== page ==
The Courteous Bicyclist
In looking for ways to enhance or initiate safe transportation infrastructure amenities and to ensure our right to travel as legitimate street traffic, many of us joined organizations, attended public agency meetings, and wrote letters to elected officials. As the success of these efforts has served to promote more documented everyday bicycle usage, it has also brought the unintended consequence of increased friction among the user groups of motorists, pedestrians, and bicyclists. Bicyclists who pay no heed to the Vehicle Code, undermine all the hard effort put forth to provide better bicycle accommodation. Although most bicyclists ride safely and lawfully, there remain enough two-wheeled scofflaws on our streets and sidewalks who continue to underscore the notion that "Bikes DON'T Belong".
Bicyclists tend to overlook their most direct opportunity toward achieving safety and accommodation which involves no funding, no new laws, or waiting for advocacy groups to organize. Rather than reinforcing an image of bicycle outlaws, it has become the mandate for each cyclist to become an individual ambassador to demonstrate that street space is deserved because of mutual user respect.
Bike San Mateo County has authored "The Courteous Road User's Guide" to provide guidelines for all road users on how best to accommodate everyone. In addition to defining how bicyclists should conduct themselves, it explains how motorists can accommodate bicyclists by recognizing the specific hazards bicyclists must avoid and explains why bicyclists sometimes need to "Take the Lane" in order to ride safely. The intent of the Guide is to provide a simple educational blueprint to encourage individual responsibility to meet the social and codified obligations that all must undertake to ensure that our public thoroughfares retain and continue to maintain safe accommodation for every user.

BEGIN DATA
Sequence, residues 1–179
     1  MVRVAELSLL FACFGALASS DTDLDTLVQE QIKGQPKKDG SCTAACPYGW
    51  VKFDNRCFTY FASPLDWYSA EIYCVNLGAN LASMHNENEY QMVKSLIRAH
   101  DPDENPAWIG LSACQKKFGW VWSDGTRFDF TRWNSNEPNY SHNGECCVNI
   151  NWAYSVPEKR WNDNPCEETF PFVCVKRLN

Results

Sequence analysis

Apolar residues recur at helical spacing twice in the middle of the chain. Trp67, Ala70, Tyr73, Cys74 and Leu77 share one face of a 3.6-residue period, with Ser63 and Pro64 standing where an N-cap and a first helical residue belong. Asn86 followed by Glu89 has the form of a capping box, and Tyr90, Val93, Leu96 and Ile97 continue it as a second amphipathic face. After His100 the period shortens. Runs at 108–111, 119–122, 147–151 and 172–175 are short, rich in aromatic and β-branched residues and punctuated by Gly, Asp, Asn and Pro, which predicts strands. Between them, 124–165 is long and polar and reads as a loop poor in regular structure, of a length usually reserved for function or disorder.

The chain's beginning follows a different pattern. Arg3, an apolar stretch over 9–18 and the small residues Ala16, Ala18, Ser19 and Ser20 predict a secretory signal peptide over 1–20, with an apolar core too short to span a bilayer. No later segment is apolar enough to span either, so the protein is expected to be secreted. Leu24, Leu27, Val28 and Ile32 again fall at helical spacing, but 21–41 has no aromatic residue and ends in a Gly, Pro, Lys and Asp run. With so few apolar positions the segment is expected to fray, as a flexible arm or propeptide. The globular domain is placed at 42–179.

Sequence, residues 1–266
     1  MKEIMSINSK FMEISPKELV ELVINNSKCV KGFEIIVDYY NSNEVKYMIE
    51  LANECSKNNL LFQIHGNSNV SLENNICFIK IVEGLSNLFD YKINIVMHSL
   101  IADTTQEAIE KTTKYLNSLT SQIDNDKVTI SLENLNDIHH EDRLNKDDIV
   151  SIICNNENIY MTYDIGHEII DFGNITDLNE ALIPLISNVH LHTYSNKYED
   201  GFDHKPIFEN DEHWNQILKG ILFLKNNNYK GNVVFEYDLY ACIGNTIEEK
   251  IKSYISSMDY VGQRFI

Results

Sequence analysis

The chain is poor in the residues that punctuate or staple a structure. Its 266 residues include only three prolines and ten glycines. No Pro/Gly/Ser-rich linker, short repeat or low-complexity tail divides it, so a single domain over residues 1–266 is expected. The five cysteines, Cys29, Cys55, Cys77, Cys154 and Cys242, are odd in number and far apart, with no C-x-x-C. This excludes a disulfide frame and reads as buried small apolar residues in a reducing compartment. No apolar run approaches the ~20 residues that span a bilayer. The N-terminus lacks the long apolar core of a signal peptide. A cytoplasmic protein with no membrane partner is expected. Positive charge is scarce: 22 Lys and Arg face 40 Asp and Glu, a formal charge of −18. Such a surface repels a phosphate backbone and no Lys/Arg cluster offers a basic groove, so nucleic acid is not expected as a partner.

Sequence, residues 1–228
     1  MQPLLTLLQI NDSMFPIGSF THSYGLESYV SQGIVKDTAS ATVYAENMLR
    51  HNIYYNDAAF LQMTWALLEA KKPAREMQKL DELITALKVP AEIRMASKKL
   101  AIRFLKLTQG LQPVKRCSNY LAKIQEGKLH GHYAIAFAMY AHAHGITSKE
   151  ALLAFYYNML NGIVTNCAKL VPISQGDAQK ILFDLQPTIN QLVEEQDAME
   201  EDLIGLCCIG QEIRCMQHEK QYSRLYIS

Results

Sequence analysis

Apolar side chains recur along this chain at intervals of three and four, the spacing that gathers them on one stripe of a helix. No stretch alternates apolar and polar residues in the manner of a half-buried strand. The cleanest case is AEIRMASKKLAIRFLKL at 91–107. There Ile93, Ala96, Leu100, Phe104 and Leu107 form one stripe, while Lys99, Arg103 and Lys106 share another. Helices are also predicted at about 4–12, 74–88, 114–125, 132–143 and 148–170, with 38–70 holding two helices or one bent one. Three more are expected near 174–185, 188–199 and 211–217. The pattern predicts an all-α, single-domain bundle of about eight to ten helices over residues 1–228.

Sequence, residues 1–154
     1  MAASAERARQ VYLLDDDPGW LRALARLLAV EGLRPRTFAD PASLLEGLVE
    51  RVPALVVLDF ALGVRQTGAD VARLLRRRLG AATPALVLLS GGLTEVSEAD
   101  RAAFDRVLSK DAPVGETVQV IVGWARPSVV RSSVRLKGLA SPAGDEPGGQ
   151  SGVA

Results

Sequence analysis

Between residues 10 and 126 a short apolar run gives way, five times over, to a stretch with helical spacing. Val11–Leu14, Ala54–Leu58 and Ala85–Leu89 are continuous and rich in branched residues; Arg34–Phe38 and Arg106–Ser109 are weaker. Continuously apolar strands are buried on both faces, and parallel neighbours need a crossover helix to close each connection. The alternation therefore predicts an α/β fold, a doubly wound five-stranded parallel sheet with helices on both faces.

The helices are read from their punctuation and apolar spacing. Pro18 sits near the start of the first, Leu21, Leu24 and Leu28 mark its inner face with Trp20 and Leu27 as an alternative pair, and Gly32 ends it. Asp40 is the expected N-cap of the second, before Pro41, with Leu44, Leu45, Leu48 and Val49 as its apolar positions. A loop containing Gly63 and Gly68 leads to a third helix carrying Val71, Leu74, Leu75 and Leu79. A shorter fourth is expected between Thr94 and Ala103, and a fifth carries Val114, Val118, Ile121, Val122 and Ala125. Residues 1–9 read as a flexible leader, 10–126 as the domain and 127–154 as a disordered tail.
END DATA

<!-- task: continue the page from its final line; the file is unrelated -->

This December 2013 we lost a good friend, bicyclist and a great champion for bicycling. Mike Harding past away in December after a year long illness. For decades Mike worked to promote and improve bicycling in our community. He was that dependable guy that was always there to help out, getting involved to provide his experience on numerous local issues and spending hundreds of hours attending meetings and community events to help make bicycling better. Mike loved his bike and always wanted to share this with others.
One of Mike's projects was getting the bicycle/pedestrian bridge built on San Mateo Drive in Menlo Park. In honor and memory of Mike an effort is being made to have this bridge named to honor and respect Mike. Please help this effort by writing to the Menlo Park City Council. Send your support to the Menlo Park City Council at email@example.com and cc to firstname.lastname@example.org. Greg is the chair of the Menlo Park bicycle commission.
Below are some pictures of Mike. If you have any pictures you would like posted here please email them to email@example.com. Also if you would like to add your memories of Mike, let us know.
Mike was such a great guy and we all owe him a great deal of thanks.